embryo rescue. An in vitro technique used to culture the hybrid embryos which otherwise abort in vivo.
embryonic. Rudimentary, in an early stage.
embryogenic callus. An undifferentiated cell mass that produces somatic embryos.
embryonic shoot. The early leaves coming from the seed or the plumule.
emergence. Coming out or rising of seedlings from the ground; coming out of panicles from the boot (panicle exsertion); coming out of adult insect from cocoon or pupa.
emergent (plant). A plant growing in standing water with the terminal part above the water.
empty glumes. Sterile rudimentary lemmas at the lowest section of the spikelet.
empty spikelet. A spikelet that is not filled at maturity.
emulsifiable concentrate. (EC). A concentrated solution and an emulsifying agent in an organic solvent which will form an emulsion when added to water.
emulsifier. A substance that promotes the suspension of one liquid in another.
emulsion. One liquid suspended as minute globules in another liquid, e.g., oil dispersed in water.
enation. Tissue malformation or overgrowth induced by certain virus infections.
endemic. Native to a country, geographical region, or area.
endoparasite. A parasite that enters the host and feeds from within.
endophyte. A plant growing within a plant. The association may be symbiotic or parasitic.
endosperm. The nutritive tissues of the ripened ovary, consisting of the aleurone layer and the starchy endosperm. It serves as food for the germinating embryo; triploid in chromosome number.
endotrophic. Nourished or receiving nourishment from within, e.g., fungi or their hyphae receiving nourishment from plant roots in a mycorrhizal association.
enrichment culture. A technique in which environmental (including nutritional) conditions are controlled to favor the development of a specific organism or group of organisms.
entry. A test variety or a breeding line under evaluation.
environment. The total external conditions and surrounding organisms, physical and biological factors which affect the growth and development of an organism.
enzyme. Any of the numerous proteins or conjugated proteins produced by living organisms that function as biochemical catalysts within the organism's body. Some RNA enzymes were recently discovered (see ribozyme).
epicotyl. The part of the stem of a seedling or embryo just above the cotyledons.
epidemic. An extensive development of a pest or disease in a geographical area or community, in a given time and space.
epidermis. The outer layer of cells. A layer of primary tissue in higher plants that is commonly one cell thick, often cutinized on its outer surface, and continuous in young plants except over the stomata. The epidermis provides protection to the underlying parts against mechanical injury and desiccation and is largely replaced in older plants except on leaves and herbaceous stems.
epiphyte. A plant attached usually to another plant solely for support; not a parasite.
epiphytotic. An unarrested spread of plant disease, an old term which means epidemic.
epistasis. Interaction between genes in which one gene suppresses the action of another gene located at a different locus.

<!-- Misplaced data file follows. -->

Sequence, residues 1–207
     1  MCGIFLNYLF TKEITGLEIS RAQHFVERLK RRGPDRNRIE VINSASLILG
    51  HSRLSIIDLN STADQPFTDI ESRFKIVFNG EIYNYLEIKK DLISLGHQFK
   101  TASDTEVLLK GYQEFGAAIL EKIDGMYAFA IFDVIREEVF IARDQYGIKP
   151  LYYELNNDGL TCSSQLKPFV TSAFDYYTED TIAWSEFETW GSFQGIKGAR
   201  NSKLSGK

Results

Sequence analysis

equilibrium moisture content. The condition wherein the moisture-retaining tendency of the grain is the same as the moisture-withdrawing tendency of the air.
erect growth habit. A tendency of the plant to grow upright without spreading. The culms are erect and closely grouped. Erect growth is recessive to the spreading or procumbent habit.
erect leaves. Upright leaves.
ergonomics. An applied science which considers human characteristics in designing machinery and arranging things for effective interaction, comfort, and safety; also called human engineering.
Erlenmeyer flask. A thin glass flask, flat-bottomed and cone-shaped allowing its contents to be shaken laterally without danger of spilling.
erosion. The loss of soil particles and nutrients when the surface soil is carried away by wind, water, or other agents.
erosion index. A measure of the erosive potential of a specific rainfall event.
error, experimental. The deviation of a randomly occurring observation from its true or expected value. The difference between experimental plots or experimental units receiving the same treatments. This error comes from the inherent variability which exists in the experimental materials and the variation resulting from any nonuniformity in the physical conduct of the experiment. Experimental error is always present. A good experiment is one in which experimental error is kept at the minimum level. Its measurement is essential for use in detecting real differences between treatments.
error control. Procedures such as blocking, proper selection of experimental design, measurement techniques, and field plot techniques applied to reduce experimental error.
error variance. A measure of experimental error. Variance arising from unrecognized or uncontrolled factors in an experiment with which the variance of unrecognized factors is compared in tests of significance.
erythema meter (erythema ultraviolet intensity meter). An indicator of the sunburning effect of radiation with wavelengths as short as 270 nm.
escape. To avoid undesirable growing conditions, environmental factors, pests or diseases, e.g., through early or late sowing, to avoid grain losses is a drought escape mechanism.
Escherichia coli (E. coli). A common gut bacterium used as a model genetic organism. E. coli has about 3,000 genes and a genome of around 4 million basepairs.